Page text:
http://www.kent.k12.wa.us/KSD/CR/Budget/budget_negotiations/budget_negotiations/budget_negotiations/html/documents/Aug26PackageProposal.pdf

    We need to let the membership speak for itself at this point in good faith show our community that we are truly about a resolution. We need to do more than party on the strike line hanging with our co-works but be a part of progress.

  3. Greg Fellin Says:

    It is really sad the way these teachers are being treated. Teachers are like hero’s in my mind and should be paid much better than they are. Even given this fact these folks with degrees who could go anywhere and make much more money still stay for the kids — then to be treated like this. Kent has never had a strike to what I can remember (I started in school in KSD at Lake Youngs in 1974).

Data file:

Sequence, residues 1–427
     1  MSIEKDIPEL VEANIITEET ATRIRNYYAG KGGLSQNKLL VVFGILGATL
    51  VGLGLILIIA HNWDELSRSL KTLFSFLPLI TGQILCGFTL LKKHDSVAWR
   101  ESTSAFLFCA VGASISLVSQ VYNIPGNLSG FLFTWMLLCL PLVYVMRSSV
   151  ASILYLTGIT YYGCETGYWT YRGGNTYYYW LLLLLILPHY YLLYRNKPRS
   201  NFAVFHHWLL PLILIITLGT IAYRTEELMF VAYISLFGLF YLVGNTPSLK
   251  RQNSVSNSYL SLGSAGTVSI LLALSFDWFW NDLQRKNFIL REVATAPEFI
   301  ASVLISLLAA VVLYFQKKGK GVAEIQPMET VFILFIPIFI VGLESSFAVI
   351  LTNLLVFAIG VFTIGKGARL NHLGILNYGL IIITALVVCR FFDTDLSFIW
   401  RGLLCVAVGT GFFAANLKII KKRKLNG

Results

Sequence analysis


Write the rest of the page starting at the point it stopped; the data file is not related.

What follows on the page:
As far as the hours put in at night at home grading papers, yes there should have the summers off. This talk about days worked (summer’s off) & less than 8 hour days is crap. Either go salary and give them an extra 40-50% a year, or pay them per hour for all their hours worked like at home at night.

  4. Teacher Supporter Says:

    Dear retired teacher,